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Virage pursues system-on-chip IP strategy

Posted: 13 May 2002 ?? ?Print Version ?Bookmark and Share

Keywords:Virage? SoC? IP? embedded memory? SRAM?

Embedded-memory designer Virage Logic Corp. is pulling together a strategy for being a one-stop intellectual-property (IP) supplier to a growing number of companies developing system-on-chip (SoC) products.

In the past month, Virage has bolstered its embedded-memory line with a configurable SRAM-based multiport memory that can perform three read and write operations simultaneously, increasing data throughput in today's embedded systems and meeting the expected demands of parallel or pipelined processors in future SoC designs.

Virage also moved last week to scoop up In-Chip Systems Inc., a deal that extends its reach from memory into logic platforms for SoC designs. The price tag should fall short of $20 million, in cash and stock, for the six-year-old In-Chip and its 15 design engineers.

Through the acquisition, Virage is hoping to graft its extensive experience with embedded-memory products to In-Chip's logic savvy. Though small, In-Chip has an impressive list of customers ranging from Epson, Fujitsu and Motorola to NEC, Toshiba, Yamaha and Sony, which included some of its intellectual property in the Playstation game consoles.

"Our customers will now have the ability to source integrated SoC embedded-memory and logic platform technology from a single vendor, furthering their design reliability while increasing their production yields," said Adam Kablanian, Virage Logic's chief executive officer, in a statement.

The last few product pushes by the Fremont, California-based company have focused on the rising complexity and difficulties facing designers of highly integrated system products. To speed up a lot of these products, many types of components are gravitating toward SoC platforms. CPUs, FPGAs, ASICs and memory are among the first items being integrated on-chip.

More integration means a growing need to process more data faster, forcing designers to look at more-dynamic ways of storing and transferring information as it moves through the system. Two ways to speed this process are parallelism and pipelining, said Krishna Balachandran, director of product marketing for Virage. "In either case, the communication between the components within the chip needs to be very high speed and accessing the memory could become the bottleneck if there are not enough ports. Sequential memory accesses will not meet the cycle-time budget."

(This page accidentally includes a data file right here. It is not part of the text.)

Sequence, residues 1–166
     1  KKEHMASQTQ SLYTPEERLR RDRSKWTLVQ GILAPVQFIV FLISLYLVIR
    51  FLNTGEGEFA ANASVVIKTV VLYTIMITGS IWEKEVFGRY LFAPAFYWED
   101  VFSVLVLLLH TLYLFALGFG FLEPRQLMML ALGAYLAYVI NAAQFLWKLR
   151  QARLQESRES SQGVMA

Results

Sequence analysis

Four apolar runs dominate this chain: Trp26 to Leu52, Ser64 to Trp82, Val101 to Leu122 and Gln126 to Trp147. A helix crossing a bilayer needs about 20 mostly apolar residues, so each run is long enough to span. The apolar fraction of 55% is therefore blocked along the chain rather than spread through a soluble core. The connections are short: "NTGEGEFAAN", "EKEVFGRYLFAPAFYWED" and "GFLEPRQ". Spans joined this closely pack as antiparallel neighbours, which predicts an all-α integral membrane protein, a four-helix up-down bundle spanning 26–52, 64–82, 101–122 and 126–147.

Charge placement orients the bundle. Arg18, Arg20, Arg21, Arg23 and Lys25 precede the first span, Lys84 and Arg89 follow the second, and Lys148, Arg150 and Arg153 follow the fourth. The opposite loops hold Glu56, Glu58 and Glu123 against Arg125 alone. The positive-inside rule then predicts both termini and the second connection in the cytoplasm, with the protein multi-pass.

As the SoC era develops, Virage is also hoping to cash in on another potentially lucrative niche market, in which low-density, lower-cost nonvolatile memory could be the choice for products ranging from encryption keys and chip IDs to the storage of configuration parameters in Bluetooth or 802.11 RF front-end chips.

Earlier this year, Virage introduced Novea RAM, a nonvolatile embedded memory built in a generic CMOS process by implementing an approach first pitched about 10 years ago. Instead of using the more-common stacked floating-gate structure, which means extra steps for a second poly layer and an additional dielectric layer, Virage used a horizontal, folded control gate. The design isn't as silicon efficient as higher-density nonvolatile memory, such as flash, but it will do for the market Virage is targeting: EEPROMs and ROMs.

Mike Clendenin

EE Times

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